A. halleri subsp. ovirensis (Wulfen)
Distribution: Albania, Austria, NE Italy, Romania, Slovakia, Slovenia, SW Ukraine, Yugoslavia.
A. halleri subsp. gemmifera (Matsumura)
Distribution: Russian Far East, northeastern China, Korea, Japan, and Taiwan.
A. lyrata subsp. lyrata
Distribution: NE European Russia, Alaska, Canada (Ontario west into British Columbia), and southeastern and central United States (Vermont south into northern Georgia and Mississippi northward into Missouri and Minnesota).
A. lyrata subsp. petraea (Linnaeus) O'Kane & Al-Shehbaz
Distribution: Austria, Czech Republic, England, Germany, Hungary, Iceland, Ireland, N. Italy, Norway, Russia (NW Russia, Siberia and Far East), Scotland, Sweden, Ukraine, boreal North America (Alaska and Yukon). Apparently extinct in Poland.
A. lyrata subsp. kamchatica (Fischer ex D.C.) O'Kane & Al-Shehbaz
Distribution: boreal Alaska, Canada (Yukon, Mackenzie District, British Columbia, northern Saskatchewan), Aleutian Islands, eastern Siberia, the Russian Far East, Korea, northern China, Japan, and Taiwan.
Distribution: Carpathian Mountains (Poland, Romania, Slovakia, and adjacent Ukraine).
Distribution: northwestern Italy and, presumably extinct, in adjacent SW Switzerland.
Distribution: Fennoscandinavia and the Baltic region.
Distribution: native range almost all Europe to central Asia, now naturalized worldwide.


Cytogenetic analysis has shown the haploid chromosome number (n) is variable and can be 5, 8 and 13.[citation needed]

A. thaliana is n=5 and the DNA sequencing of this species was completed in 2001.

A. suecica is n=13 (5+8) and is an amphidiploid species originated through hybridization between A. thaliana and diploid A. arenosa.

A. neglecta is n=8, as are the various subspecies of A. halleri.

Various subspecies of A. lyrata and A. arenosa can be either 2n (diploid) or 4n (tetraploid).

As of 2005, A. cebennensis, A. croatica and A. pedemontana have not been investigated cytologically.

Reclassified species[edit]

The following species previously placed in Arabidopsis are not currently considered part of the genus.

  • A. bactriana = Dielsiocharis bactriana
  • A. brevicaulis = Crucihimalaya himalaica
  • A. bursifolia = Beringia bursifolia
  • A. campestris = Crucihimalaya wallichii
  • A. dentata = Murbeckiella pinnatifida
  • A. drassiana =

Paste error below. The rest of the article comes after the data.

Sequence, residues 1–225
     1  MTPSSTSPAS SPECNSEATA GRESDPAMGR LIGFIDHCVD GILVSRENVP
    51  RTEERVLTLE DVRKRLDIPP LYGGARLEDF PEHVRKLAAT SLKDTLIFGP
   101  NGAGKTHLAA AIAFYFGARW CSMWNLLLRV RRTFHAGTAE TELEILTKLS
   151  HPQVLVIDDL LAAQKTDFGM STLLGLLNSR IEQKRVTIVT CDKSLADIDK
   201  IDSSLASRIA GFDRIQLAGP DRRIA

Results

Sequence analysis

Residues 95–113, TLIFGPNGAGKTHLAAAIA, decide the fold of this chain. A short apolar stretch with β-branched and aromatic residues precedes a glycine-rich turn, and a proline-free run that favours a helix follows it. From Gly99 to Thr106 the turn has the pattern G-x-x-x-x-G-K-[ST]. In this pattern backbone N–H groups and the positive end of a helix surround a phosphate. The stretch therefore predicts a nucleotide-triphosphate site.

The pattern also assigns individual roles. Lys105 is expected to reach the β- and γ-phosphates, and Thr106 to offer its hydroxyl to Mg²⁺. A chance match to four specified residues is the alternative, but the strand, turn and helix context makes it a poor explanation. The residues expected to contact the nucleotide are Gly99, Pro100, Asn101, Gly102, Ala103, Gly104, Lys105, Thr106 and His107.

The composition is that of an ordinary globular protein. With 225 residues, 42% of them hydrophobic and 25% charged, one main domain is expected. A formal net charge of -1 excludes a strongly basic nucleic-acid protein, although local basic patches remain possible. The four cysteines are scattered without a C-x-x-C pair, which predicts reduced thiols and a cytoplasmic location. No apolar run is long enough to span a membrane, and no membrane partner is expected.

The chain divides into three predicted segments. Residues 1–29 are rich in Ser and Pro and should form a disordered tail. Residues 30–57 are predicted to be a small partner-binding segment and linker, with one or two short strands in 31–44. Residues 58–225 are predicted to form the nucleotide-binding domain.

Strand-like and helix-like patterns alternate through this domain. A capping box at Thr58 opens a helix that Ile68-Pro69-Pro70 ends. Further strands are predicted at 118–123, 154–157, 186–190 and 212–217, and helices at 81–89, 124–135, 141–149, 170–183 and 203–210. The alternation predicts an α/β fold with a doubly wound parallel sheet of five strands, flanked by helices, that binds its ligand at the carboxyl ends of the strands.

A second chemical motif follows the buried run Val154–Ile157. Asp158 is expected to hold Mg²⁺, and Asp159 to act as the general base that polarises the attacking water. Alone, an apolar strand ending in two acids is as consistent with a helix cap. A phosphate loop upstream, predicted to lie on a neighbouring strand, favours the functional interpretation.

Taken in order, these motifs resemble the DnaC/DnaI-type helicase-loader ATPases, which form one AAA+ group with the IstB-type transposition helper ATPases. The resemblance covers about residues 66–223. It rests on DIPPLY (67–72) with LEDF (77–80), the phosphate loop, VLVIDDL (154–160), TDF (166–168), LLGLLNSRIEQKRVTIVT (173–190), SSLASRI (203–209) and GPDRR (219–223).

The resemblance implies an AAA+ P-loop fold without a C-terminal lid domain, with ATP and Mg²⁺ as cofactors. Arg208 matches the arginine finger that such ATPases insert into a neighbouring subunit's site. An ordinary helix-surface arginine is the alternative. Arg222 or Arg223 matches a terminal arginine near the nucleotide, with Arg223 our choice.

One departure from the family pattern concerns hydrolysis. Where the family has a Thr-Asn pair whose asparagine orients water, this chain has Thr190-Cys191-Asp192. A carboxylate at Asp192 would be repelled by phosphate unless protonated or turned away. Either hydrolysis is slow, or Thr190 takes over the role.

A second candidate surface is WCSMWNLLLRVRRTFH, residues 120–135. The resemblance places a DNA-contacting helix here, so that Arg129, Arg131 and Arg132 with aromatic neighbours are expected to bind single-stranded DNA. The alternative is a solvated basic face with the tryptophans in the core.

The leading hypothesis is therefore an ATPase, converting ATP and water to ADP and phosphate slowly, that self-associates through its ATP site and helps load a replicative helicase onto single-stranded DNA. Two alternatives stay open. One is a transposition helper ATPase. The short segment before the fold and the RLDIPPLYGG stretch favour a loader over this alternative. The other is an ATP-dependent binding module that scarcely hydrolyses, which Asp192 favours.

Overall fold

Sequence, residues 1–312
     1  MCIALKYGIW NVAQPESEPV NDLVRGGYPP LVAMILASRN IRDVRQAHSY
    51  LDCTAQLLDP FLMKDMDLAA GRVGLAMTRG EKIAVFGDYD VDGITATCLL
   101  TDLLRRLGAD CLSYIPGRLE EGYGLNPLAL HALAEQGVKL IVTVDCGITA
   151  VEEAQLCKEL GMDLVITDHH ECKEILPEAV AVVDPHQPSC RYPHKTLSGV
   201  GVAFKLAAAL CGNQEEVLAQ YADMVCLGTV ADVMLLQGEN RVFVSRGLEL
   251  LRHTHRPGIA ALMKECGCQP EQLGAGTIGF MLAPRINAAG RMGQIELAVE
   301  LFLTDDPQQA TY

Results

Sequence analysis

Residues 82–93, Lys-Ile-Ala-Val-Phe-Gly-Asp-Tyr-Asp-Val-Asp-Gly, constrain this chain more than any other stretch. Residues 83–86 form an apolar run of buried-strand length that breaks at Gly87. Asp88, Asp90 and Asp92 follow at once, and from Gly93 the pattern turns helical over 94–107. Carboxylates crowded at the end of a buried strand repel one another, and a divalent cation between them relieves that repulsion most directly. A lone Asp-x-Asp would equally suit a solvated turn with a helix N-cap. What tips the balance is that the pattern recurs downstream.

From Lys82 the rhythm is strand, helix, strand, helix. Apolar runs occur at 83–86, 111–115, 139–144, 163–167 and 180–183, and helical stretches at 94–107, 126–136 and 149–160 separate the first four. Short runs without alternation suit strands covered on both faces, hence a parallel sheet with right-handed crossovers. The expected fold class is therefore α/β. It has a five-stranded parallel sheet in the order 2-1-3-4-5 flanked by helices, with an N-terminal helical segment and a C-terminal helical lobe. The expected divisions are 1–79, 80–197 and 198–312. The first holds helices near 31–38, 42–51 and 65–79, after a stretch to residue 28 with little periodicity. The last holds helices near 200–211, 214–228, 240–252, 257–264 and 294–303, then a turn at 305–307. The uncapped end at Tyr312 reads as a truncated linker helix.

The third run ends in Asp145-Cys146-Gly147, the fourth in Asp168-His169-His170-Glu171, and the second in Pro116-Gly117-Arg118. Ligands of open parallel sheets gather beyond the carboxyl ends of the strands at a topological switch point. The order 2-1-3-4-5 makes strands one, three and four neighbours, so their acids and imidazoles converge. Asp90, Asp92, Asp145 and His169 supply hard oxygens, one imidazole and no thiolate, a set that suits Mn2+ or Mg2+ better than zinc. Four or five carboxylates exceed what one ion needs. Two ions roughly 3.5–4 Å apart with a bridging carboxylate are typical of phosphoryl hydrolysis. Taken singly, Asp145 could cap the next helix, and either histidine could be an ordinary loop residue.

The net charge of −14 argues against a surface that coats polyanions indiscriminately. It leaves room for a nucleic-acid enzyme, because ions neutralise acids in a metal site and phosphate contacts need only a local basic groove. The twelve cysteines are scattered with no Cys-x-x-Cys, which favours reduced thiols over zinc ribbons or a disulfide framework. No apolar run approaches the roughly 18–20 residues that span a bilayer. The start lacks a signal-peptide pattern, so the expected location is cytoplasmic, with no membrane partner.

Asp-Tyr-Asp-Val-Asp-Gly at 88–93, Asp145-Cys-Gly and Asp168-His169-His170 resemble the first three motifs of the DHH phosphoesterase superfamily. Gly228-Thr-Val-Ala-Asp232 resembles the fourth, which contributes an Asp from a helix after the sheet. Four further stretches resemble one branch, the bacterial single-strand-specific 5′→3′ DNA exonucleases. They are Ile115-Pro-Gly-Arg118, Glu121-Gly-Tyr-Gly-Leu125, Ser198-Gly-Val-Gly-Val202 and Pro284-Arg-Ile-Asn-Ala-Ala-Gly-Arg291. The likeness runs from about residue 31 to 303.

• A. erysimoides = Erysimum hedgeanum
  • A. eseptata = Olimarabidopsis umbrosa
  • A. gamosepala = Neotorularia gamosepala
  • A. glauca = Thellungiella salsuginea
  • A. griffithiana = Olimarabidopsis pumila
  • A. himalaica = Crucihimalaya himalaica
  • A. huetii = Murbeckiella huetii
  • A. kneuckeri = Crucihimalaya kneuckeri
  • A. korshinskyi = Olimarabidopsis cabulica
  • A. lasiocarpa = Crucihimalaya lasiocarpa
  • A. minutiflora = Ianhedgea minutiflora
  • A. mollis = Beringia bursifolia
  • A. mollissima = Crucihimalaya mollissima
  • A. monachorum = Crucihimalaya lasiocarpa
  • A. mongolica = Crucihimalaya mongolica
  • A. multicaulis = Arabis tibetica
  • A. novae-anglicae = Neotorularia humilis
  • A. nuda = Drabopsis nuda
  • A. ovczinnikovii = Crucihimalaya mollissima
  • A. parvula = Thellungiella parvula
  • A. pinnatifida = Murbeckiella pinnatifida
  • A. pumila = Olimarabidopsis pumila
  • A. qiranica = Sisymbriopsis mollipila
  • A. richardsonii = Neotorularia humilis
  • A. russeliana = Crucihimalaya wallichii
  • A. salsugineum = Eutrema salsugineum
  • A. sarbalica = Crucihimalaya wallichii
  • A. schimperi = Robeschia schimperi
  • A. stenocarpa = Beringia bursifolia
  • A. stewartiana = Olimarabidopsis pumila
  • A. stricta = Crucihimalaya stricta
  • A. taraxacifolia = Crucihimalaya wallichii
  • A. tenuisiliqua = Arabis tenuisiliqua
  • A. tibetica = Crucihimalaya himalaica
  • A. tibetica = Arabis tibetica
  • A. toxophylla = Pseudoarabidopsis toxophylla
  • A. trichocarpa = Neotorularia humilis
  • A. trichopoda = Beringia bursifolia
  • A. tschuktschorum = Beringia bursifolia
  • A. tuemurnica = Neotorularia humilis
  • A. verna = Drabopsis nuda
  • A. virgata = Beringia bursifolia
  • A. wallichii = Crucihimalaya wallichii
  • A. yadungensis =


  • O'Kane Jr, S. L., & Al-Shehbaz, I. A. (1997). A synopsis of Arabidopsis (Brassicaceae): Novon 7: 323–327.
  • Al-Shehbaz, I. A., O'Kane, Steve L. (2002). Taxonomy and Phylogeny of Arabidopsis (Brassicaceae). The Arabidopsis Book: 1-22. online version.
  • Martin et al. (2002) Evolutionary analysis of Arabidopsis, cyanobacterial, and chloroplast genomes reveals plastid phylogeny and thousands of cyanobacterial genes in the nucleus. online version
  • O'Kane Jr, S. L., & Al-Shehbaz, I. A. (2003). Phylogenetic position and generic limits of Arabidopsis (Brassicaceae) based on sequences of nuclear ribosomal DNA: Annals of the Missouri Botanical Garden 90 (4): 603-612


  1. ^ AK Yetisen, L Jiang, J R Cooper, Y Qin, R Palanivelu and Y Zohar (May 2011). "A microsystem-based assay for studying pollen tube guidance in plant reproduction.". J. Micromech. Microeng. 25.